July 09, 2017
In North by Northwest, Alfred Hitchcock arranges for young and lovely Eva Marie Saint to explain to ever charming Cary Grant how a girl like her could have fallen into the handsome but treasonous embrace of James Mason, now found to be a Russian spy. This is the tender I–love–you–at–last-I’ve–found–you scene, when the lovers meet in a glade of evergreens near Mount Rushmore. The problem for women like me, coos Evan Marie, is men like you. “Men like me?” Cary coos back, not much protesting… “Men like you.” “What’s wrong with men like me?” “They don’t believe in marriage.” “Why I’ve been married twice.”
A tad naughty, that seemed, to Hitchcock’s audience in 1959. Then, as far as I knew, everyone in my town believed in marriage and it was a rare bird had been married twice. What might surprise a movie crowd today, however, is that Hitchcock does bring the couple to the altar at the end. We last meet the bride and groom climbing into their sleeping berth as their honeymoon train disappears into a tunnel—a Freudian zinger as curtain falls and lights come up.
Two generations have come and gone, and almost everything has changed. Few directors anymore are moved to offer marriage to bring that summer movie romance to its lawful happy ending. The audience can certainly leave content without it.
Even so (wonder of wonders, miracle of miracles, considering all that’s changed) most of us believe in marriage.
A few years back a couples counselor and I decided to offer a class on marriage. We had young couples planning their big church wedding particularly in mind. But when the doors were opened, the rookies were almost overrun by a motley crowd of veterans of every shape and stripe: Long married pairs figuring it couldn’t hurt to get a communications tune up… younger sufferers from the seven-year itch (which sets in closer to four than seven, it seems to me). Like that. Some couples arrived obviously in trauma. You can pretty much guess the causes. Lots and lots who came were casualties of marriage… once, twice bitten… twice, three times shy. These arrived with looks that seemed to say “We believe in marriage, help us in our unbelief.”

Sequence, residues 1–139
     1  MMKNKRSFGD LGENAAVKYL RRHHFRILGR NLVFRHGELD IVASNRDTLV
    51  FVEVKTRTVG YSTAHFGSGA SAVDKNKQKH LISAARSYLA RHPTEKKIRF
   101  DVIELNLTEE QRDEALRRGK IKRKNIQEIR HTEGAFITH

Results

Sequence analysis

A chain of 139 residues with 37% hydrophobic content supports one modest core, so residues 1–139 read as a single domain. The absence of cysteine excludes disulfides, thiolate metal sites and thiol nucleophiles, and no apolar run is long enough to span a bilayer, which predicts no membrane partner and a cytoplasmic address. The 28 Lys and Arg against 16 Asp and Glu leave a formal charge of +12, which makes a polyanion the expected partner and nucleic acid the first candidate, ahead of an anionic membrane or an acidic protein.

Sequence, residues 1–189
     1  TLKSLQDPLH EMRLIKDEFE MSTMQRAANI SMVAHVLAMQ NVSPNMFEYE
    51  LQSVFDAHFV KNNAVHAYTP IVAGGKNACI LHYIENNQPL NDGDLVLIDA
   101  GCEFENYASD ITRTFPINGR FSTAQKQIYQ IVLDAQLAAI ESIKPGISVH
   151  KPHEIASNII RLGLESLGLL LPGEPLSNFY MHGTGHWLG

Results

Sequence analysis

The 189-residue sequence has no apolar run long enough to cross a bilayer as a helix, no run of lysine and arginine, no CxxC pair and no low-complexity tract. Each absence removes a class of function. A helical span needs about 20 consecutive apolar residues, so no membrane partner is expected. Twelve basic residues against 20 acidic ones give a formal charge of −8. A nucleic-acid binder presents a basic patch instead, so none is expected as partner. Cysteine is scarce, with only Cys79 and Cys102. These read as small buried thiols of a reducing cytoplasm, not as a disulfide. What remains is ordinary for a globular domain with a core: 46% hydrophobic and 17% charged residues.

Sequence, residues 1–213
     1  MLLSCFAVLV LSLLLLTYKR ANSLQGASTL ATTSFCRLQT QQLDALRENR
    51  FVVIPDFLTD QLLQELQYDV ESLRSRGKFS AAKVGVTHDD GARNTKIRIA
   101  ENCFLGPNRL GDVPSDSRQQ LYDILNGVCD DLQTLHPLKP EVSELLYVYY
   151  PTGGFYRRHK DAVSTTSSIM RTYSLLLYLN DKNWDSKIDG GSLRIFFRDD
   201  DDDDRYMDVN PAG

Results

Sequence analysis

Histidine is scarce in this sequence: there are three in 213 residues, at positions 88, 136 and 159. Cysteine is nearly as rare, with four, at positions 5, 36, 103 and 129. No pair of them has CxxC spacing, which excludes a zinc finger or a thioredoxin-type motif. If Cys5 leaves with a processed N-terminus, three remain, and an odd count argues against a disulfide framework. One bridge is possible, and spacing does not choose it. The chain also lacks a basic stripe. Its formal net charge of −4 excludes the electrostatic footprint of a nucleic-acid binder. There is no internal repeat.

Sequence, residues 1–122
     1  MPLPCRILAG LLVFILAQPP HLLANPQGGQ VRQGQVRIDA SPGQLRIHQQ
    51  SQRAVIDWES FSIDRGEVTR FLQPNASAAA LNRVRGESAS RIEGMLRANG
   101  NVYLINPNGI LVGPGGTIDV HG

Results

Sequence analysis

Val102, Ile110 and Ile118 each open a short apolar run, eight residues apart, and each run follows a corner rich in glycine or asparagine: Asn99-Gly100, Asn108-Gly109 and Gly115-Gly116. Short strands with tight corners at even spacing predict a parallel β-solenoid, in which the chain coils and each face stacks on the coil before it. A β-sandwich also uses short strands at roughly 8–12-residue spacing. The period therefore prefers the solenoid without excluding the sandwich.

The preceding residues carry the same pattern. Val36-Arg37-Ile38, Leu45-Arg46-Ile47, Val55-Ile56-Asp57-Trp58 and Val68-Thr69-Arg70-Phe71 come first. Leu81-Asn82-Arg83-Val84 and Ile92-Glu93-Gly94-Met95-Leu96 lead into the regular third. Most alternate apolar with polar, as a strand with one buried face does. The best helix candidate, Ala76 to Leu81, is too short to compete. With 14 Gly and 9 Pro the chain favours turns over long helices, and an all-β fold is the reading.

They did still want it to be sure. They wanted God to bless it. They wanted to stand before that altar and take those vows.
“Into this holy union Eve Smith and Adam Jones now come to be joined.”
Tolstoy opens Anna Karenina with his famous proverb “Every happy family is alike. But each unhappy family is unhappy after its own fashion.”
Do you suppose that’s true? “Every happy family is alike.” How about “every happy marriage is alike.” Notice he does not claim that “every happy person is alike.” You and I know full well that some people seek their happiness quite outside of happy marriage and, for all I know, and for whatever it may be worth, they find some. But I believe I’ll go with Tolstoy at least insofar as he means to say that happy marriages are built on certain qualities in common.
I think I won’t try to name them all. I will name two: Time (that’s one) and “Something in and out of time” (that’s the other one.)
“Time.” Eve and Adam, take this down. Happiness in marriage takes time. I mean it plain and simple: time together, children not invited. This will not be as easy as now may seem. If you want time together you will have to schedule it, then you will have to guard it. Learn this phrase. “Sorry, we’d love to come but we have a previous commitment.” The commitment? The one you made just now and in no uncertain terms.